philanthropy spends about $42 billion on social services. the government spends between 10 and 20 times that. if you can make a government problem just 5% or 10% more effective, you can actually eclipse the impact of all philanthropy. >> another thing that you joined is something called the defense innovation board, which may seem like a contradiction in terms, the defense department could be that innovative. it started in the obama administration with secretary ash carter, but then general mattis, secretary of defense, now in the trump administration, has asked you and the rest of us to continue. explain your grandparents were very -- part of the military, if i remember reading that right. your parents were a little bit more of the generation, that anti-war generation of the late '60s. did you have hesitancy about saying i'm going to go help the pentagon? >> when i was asked to join, my initial answer was no. it didn't seem like it was my sort of thing.
the more and more i thought about it, i realized it was pretty important for us to bring these approaches that we're bringing to all levels of government, particularly to the defense department where people's lives are also on the line. americans lives, others lives. you realize how devastating it can be when we get the technology wrong, the systems wrong. i realize there's a lot at stake there. i decided it was important if i had anything to bring to the table, i should be bringing it to that table as well. >> did you find the defense department to be receptive or resistant to technology change when it comes to the type of system change you're talking about? >> there is certainly a desire for better technology in the defense department broadly. think there's a skepticism that the bureaucratic process that have grown up around the defense department and, frankly,
all around government, will allow for it. we have these very long, complex processes of procurement that involve years of writing requirements, documents -- >> for weapons systems? >> for anything. for software, for weapons, for the most basic things. part of the usds at the defense department, the digital service is doing just the travel system. everything is harder when you don't have the right tools because you can't get software that works. so do they want it? absolutely. they want change. but they don't just want technical change. they want what we call bureaucracy hacking. they want to streamline the bureaucracy so they can do software and systems the way they're done well today, that makes systems work for people. >> so what i'm hearing you say from code for america, the u.s. digital services, the defense innovation board is not just about apps, it's about applying a new way of thinking and new systems of thinking so that we take what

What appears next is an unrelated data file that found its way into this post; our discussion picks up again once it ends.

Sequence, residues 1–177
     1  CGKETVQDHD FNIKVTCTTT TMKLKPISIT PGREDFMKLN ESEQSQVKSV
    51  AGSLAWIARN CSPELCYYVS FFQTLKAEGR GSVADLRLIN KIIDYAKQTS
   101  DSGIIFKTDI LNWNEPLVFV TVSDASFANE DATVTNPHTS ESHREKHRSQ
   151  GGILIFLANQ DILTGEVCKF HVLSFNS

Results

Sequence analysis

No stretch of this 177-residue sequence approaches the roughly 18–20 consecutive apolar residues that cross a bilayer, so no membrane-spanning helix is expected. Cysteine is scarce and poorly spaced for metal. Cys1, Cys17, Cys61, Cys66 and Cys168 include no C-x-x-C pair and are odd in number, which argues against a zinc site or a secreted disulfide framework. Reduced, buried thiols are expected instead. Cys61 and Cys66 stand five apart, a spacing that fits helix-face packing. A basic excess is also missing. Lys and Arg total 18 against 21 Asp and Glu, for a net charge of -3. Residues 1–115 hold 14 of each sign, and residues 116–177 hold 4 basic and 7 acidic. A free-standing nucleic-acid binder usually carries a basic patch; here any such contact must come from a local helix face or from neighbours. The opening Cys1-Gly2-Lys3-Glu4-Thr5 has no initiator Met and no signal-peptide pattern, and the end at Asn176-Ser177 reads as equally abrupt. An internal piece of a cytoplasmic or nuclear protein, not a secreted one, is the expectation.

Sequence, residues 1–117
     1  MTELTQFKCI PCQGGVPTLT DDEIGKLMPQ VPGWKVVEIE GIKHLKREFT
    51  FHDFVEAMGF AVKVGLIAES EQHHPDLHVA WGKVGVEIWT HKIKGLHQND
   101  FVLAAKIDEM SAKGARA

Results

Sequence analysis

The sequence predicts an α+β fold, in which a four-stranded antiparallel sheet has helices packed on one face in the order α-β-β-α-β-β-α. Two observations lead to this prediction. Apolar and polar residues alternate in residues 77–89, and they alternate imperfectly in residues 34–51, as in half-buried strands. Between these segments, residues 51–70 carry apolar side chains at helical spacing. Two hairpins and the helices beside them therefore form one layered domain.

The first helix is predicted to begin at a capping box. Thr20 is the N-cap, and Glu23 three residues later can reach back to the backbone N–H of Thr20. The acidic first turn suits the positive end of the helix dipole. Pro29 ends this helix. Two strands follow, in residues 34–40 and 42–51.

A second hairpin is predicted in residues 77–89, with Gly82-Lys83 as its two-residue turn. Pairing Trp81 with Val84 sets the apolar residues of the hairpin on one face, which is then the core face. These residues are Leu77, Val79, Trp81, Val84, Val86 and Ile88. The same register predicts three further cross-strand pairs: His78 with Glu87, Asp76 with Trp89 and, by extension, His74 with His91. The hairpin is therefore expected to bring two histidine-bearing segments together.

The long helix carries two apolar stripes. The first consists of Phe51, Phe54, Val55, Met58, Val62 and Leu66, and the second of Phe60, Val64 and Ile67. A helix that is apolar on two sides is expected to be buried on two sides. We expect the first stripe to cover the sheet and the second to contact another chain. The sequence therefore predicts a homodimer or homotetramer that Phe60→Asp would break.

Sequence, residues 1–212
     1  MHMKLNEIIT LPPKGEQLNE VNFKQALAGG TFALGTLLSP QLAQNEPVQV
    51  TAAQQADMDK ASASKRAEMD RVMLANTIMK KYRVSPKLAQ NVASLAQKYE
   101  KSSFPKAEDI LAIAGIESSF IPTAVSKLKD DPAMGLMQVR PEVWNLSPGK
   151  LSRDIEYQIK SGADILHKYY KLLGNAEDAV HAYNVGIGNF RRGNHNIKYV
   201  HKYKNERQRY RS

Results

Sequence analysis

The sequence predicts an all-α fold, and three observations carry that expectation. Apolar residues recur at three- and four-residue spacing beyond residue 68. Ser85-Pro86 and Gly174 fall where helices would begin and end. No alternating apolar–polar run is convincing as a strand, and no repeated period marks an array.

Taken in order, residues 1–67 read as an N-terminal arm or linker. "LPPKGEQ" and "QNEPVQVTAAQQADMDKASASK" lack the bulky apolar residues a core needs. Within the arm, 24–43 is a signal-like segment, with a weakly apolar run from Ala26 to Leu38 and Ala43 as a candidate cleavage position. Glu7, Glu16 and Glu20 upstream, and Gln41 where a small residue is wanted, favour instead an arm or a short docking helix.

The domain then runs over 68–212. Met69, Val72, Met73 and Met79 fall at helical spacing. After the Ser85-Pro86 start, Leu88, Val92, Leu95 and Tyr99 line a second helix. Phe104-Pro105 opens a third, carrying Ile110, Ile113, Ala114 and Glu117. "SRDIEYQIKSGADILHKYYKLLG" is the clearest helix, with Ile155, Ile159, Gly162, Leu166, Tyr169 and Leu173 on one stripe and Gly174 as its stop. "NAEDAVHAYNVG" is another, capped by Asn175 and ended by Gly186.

we've learned in the technology world and apply it to the rest of our more bureaucratic lives. >> absolutely. and i think when we say we, again, it's really everybody has to have that expectation of government. government has to change, the vendors and the ecosystem have to change, and we have to expect government to work that way. we call it delivery-driven government because it's really about that delivery level where you interact with the government services. if those interactions drive the creation of policy and operations, it's a fundamentally different game. >> jennifer, thanks for joining us. >> thank you so much. >> jennifer pahlka clearly has her work cut out for her. that is it for us for now. thank you for watching "amanpour & co." on pbs. join us tomorrow night. uniworld is a proud sponsor of "amanpour & co." when bea tollman founded a collection of boutique hotels,
she had bigger dreams, and those dreams were on the water, a river specifically, multiple rivers that would one day be home to uniworld river cruises and their floating boutique hotels. today that dream sets sail in europe, asia, india, egypt, and more. bookings available through your travel agent. for more information, visit uniworld.com. >> additional support has been provided by rosalind p. walter, bernard and irene schwartz, sue and edgar wachenheim iii, the cheryl and philip milstein family, is he ton melvin, judy and josh westin, and by contributions to your pbs stations from viewers like you. thank you.
business report, with sue herera and bill griffeth. triple threat. stocks try to stage a rebound but apple, the banks and brexit push the market lower and keep investors in check. price hikes. consumer inflation posted the biggest rise in nine months but unclear what might happen next. safe bet? pg&e admits it could be in financial trouble if it's found liable for one california wildfire. are utilities a lot riskier than they once were. those stories and more ton on nightly business report for wednesday, november 14th. and good evening, everyone. and welcome. it happened twi